If I was the sort of person to engage in rampant anthropomorphism, and sometimes I am, I would say that late summer is the time of year when Mother Nature gets bored and likes to mess with us. Molt happens, bringing us the wonder of bald birds; confusing fall warblers start to get confusing; waders wander. And then, of course, there are the unruly gangs of teen birds.
Maybe “gangs” is a bit harsh. Also, “unruly”. They’re just hungry, and “flocks” is the conventional term. But they look ridiculous. They should pull up their feathers. They don’t know to stay out of the rain (neither do hummingbirds of any age, but hummingbirds seem to be able to get between the raindrops) so you see them matted and ruffled. They have pink or yellow at the corners of their beaks where the juvenile gape still shows, like makeup smeared on in the minutes before homeroom. They’re half in adult plumage and half in protective fluff still, and sometimes they’re as big as the the parents that they follow around, begging for food. They might lack a tail appropriate to the occasion. Teen birds are a mess.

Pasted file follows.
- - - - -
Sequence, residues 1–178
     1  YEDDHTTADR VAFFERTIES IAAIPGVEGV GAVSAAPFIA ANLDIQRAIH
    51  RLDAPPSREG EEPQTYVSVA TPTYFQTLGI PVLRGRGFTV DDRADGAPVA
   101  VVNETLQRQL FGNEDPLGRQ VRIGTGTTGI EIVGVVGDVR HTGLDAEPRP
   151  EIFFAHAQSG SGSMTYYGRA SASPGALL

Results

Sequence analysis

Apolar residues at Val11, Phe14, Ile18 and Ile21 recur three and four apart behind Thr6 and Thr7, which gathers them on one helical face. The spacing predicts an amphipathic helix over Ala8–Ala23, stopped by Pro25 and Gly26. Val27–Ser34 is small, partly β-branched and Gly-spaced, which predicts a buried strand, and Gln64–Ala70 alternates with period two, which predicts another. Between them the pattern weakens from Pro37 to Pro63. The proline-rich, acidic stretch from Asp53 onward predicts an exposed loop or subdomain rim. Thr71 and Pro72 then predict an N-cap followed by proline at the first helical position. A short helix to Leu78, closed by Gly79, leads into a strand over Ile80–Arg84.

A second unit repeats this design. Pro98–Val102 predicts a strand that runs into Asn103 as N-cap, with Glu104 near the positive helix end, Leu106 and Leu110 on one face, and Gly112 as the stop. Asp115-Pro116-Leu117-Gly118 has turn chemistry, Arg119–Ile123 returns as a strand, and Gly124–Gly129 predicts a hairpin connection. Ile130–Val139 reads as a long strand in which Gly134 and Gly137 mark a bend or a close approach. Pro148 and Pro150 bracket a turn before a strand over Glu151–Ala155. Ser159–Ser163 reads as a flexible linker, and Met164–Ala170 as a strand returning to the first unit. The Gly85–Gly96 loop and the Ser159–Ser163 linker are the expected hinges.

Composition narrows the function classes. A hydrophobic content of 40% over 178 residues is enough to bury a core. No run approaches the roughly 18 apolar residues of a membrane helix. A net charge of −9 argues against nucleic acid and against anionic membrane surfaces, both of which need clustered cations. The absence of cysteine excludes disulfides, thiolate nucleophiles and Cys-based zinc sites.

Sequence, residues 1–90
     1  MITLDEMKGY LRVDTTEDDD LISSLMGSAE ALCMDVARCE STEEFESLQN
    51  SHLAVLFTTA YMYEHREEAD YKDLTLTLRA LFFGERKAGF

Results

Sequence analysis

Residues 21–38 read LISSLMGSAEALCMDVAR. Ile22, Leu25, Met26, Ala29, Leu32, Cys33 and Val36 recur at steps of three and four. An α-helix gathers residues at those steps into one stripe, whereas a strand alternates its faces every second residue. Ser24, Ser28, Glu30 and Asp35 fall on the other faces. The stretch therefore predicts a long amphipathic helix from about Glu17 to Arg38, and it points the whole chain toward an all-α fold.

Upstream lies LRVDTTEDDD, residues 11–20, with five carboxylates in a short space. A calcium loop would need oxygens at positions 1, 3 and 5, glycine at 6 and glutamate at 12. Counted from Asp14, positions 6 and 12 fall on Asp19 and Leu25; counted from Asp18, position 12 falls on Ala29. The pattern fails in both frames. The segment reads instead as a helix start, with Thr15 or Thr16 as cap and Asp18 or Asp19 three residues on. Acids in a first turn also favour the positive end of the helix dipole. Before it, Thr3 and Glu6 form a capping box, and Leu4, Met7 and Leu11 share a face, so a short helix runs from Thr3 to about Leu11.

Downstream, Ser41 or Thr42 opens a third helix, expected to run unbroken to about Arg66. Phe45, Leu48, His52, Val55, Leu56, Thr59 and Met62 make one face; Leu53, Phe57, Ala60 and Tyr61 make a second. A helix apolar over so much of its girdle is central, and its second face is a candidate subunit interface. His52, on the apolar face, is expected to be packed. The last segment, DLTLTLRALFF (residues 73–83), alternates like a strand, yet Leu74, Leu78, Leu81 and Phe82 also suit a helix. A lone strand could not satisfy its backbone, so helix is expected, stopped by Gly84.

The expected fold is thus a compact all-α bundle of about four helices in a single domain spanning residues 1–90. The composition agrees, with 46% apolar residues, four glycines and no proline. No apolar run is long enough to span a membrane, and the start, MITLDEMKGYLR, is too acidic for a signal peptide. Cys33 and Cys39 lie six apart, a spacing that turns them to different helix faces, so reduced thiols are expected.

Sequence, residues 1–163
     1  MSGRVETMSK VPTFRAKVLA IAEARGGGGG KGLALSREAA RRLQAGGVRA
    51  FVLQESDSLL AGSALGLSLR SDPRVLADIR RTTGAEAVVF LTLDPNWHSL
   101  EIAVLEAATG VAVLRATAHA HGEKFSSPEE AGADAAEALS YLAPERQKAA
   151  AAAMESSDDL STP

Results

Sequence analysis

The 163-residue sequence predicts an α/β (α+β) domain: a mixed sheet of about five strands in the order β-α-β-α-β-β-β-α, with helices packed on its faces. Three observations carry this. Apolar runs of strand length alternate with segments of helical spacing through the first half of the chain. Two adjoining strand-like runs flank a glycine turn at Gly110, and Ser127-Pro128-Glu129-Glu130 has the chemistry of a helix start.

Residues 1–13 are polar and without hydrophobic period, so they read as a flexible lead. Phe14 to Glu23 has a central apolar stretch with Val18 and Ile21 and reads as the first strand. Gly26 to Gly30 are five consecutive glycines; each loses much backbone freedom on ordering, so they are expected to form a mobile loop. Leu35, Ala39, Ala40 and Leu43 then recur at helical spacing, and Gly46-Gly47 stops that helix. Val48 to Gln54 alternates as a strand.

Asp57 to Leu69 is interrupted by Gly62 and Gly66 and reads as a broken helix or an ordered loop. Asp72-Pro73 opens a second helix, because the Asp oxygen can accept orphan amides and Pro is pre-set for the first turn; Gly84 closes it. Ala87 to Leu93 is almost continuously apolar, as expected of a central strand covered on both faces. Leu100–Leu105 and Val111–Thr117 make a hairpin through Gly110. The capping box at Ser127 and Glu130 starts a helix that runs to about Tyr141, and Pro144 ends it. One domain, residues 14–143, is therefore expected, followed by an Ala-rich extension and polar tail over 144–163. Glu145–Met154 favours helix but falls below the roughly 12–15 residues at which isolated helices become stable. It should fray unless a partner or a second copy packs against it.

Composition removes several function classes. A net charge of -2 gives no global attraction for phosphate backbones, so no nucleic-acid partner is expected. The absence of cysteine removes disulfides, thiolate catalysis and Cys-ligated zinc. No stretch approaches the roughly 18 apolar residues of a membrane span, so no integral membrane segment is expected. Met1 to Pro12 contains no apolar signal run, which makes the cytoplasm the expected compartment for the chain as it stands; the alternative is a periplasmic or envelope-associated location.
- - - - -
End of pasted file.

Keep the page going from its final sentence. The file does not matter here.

Teen birds are a disaster. They get caught inside the feeder, somehow, and have to be rescued. They don’t understand cars and roads. They sit on the ground like chumps until well-meaning people pick them up to no good end. Their clumsy failures to adapt introduce reminders of sadness into our landscapes, force us to see our pets as murderers and our children as kidnappers, upend what we would like to think of as the natural order of things, where childhood leads to adulthood leads to age and only then does death intervene. The most unnatural natural order anyone could dream up, a pyramid scheme even more unbalanced than the one that actually exists.
In the existing order, teen birds are pretty low down the pyramid. The messy disaster of teen birds is what feeds the world.
Barn Swallow fledgling by Sara Hollerich, courtesy of USFWS